The SOUTHERN JOURNAL has no rival in kind in medical periodic literature. It has a work peculiarly and individually its own. The South is a great mission field for Homœopathy. It is a great battle-field in the politics of medicine. The JourNAL is its "Missionary Advocate" in its first named relation-its doughty champion and defender in the last. No journal has a larger territory to cover. From the Atlantic to the Rio Grande, from the Chesapeake and the Ohio to the Gulf is our habitation. No other journal in the United States has such a feeble territorial strength to draw sustenance from and at the same time none other has such a diversity and magnitude of interests to foster and guard. At the legislative portals of a dozen States this journal is constantly on the watch against sectarian and iniquitous legislation, and but for its past zeal in effecting organization of Homœopathy's forces in the South we would surely have been driven to the wall in more than one of our commonwealths.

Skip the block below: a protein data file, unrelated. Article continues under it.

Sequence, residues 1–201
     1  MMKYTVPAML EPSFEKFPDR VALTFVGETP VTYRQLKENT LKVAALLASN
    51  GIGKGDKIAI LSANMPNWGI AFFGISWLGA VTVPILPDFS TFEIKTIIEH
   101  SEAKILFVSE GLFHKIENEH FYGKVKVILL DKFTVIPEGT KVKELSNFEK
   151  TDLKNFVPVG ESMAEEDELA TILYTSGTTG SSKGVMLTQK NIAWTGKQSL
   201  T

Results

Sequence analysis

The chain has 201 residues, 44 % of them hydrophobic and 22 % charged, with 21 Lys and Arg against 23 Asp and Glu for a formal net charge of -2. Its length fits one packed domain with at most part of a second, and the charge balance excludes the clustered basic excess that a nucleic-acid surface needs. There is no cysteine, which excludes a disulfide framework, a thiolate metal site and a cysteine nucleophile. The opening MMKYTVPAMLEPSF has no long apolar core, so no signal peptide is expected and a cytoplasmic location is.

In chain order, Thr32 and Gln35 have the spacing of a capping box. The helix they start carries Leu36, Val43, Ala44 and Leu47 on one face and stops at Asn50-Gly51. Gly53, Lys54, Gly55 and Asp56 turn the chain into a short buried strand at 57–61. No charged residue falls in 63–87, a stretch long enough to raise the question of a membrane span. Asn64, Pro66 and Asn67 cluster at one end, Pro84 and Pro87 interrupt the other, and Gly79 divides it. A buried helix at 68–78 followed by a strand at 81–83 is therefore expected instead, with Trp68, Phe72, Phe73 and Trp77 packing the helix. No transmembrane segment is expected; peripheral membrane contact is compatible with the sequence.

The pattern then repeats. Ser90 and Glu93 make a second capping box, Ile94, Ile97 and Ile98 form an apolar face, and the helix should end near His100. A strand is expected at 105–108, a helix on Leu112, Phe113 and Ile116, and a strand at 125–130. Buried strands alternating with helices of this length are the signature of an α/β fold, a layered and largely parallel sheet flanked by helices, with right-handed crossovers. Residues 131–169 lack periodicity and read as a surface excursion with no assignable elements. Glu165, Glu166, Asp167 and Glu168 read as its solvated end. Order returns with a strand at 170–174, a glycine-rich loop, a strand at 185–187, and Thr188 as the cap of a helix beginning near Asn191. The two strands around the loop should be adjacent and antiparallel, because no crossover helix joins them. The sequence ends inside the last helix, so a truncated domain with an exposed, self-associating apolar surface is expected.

Necessarily our special work is that of a missionary for Homœopathy in this great Southern field and of a medico-political champion for the cause we represent. In these lines of labor the JOURNAL will endeavor to excel, trusting largely to its contributors for the medical pabulum upon which its readers have a reasonable right to rely. In pathy and practice its editor is Similia Similibus Curantur to the core. He yields the palm to no man for devotion to our law of cure, and at the bedside he is an exponent of that kind of Homœopathy that is exemplified by the use, as a rule, of the single remedy and the moderate attenuation. With us Homœopathy is not understood to be always the high attenuation and the single dose, nor does any drug or agent capable of exemplifying action in harmony with Similia cease to be a Homopathic remedy simply because abused in Allopathic, Eclectic or domestic practice.
To us Similia is a great orb of medical light breaking away the darkness which has for centuries beclouded the medical practice of the world. Its effulgent rays are capable of penetrating the dark corners of medically benighted earth if we but guide them right, and the JOURNAL looks upon its advent as the greatest of all achievements in medical science and